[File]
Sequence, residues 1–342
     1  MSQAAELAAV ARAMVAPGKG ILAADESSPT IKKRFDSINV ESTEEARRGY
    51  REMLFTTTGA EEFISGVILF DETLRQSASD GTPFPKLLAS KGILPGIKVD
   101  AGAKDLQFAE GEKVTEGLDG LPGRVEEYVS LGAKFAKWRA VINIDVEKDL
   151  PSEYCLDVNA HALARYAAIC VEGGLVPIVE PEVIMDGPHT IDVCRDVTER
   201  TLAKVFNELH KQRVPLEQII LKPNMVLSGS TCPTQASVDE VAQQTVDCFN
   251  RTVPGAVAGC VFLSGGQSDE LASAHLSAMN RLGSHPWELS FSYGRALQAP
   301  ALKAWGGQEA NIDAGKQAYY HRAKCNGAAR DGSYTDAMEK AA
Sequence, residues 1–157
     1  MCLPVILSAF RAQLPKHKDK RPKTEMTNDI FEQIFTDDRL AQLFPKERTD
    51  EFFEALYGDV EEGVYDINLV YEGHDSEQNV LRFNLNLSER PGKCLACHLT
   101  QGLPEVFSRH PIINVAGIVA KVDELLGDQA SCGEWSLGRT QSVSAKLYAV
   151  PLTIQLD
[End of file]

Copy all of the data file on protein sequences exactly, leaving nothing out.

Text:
Sequence, residues 1–342
     1  MSQAAELAAV ARAMVAPGKG ILAADESSPT IKKRFDSINV ESTEEARRGY
    51  REMLFTTTGA EEFISGVILF DETLRQSASD GTPFPKLLAS KGILPGIKVD
   101  AGAKDLQFAE GEKVTEGLDG LPGRVEEYVS LGAKFAKWRA VINIDVEKDL
   151  PSEYCLDVNA HALARYAAIC VEGGLVPIVE PEVIMDGPHT IDVCRDVTER
   201  TLAKVFNELH KQRVPLEQII LKPNMVLSGS TCPTQASVDE VAQQTVDCFN
   251  RTVPGAVAGC VFLSGGQSDE LASAHLSAMN RLGSHPWELS FSYGRALQAP
   301  ALKAWGGQEA NIDAGKQAYY HRAKCNGAAR DGSYTDAMEK AA
Sequence, residues 1–157
     1  MCLPVILSAF RAQLPKHKDK RPKTEMTNDI FEQIFTDDRL AQLFPKERTD
    51  EFFEALYGDV EEGVYDINLV YEGHDSEQNV LRFNLNLSER PGKCLACHLT
   101  QGLPEVFSRH PIINVAGIVA KVDELLGDQA SCGEWSLGRT QSVSAKLYAV
   151  PLTIQLD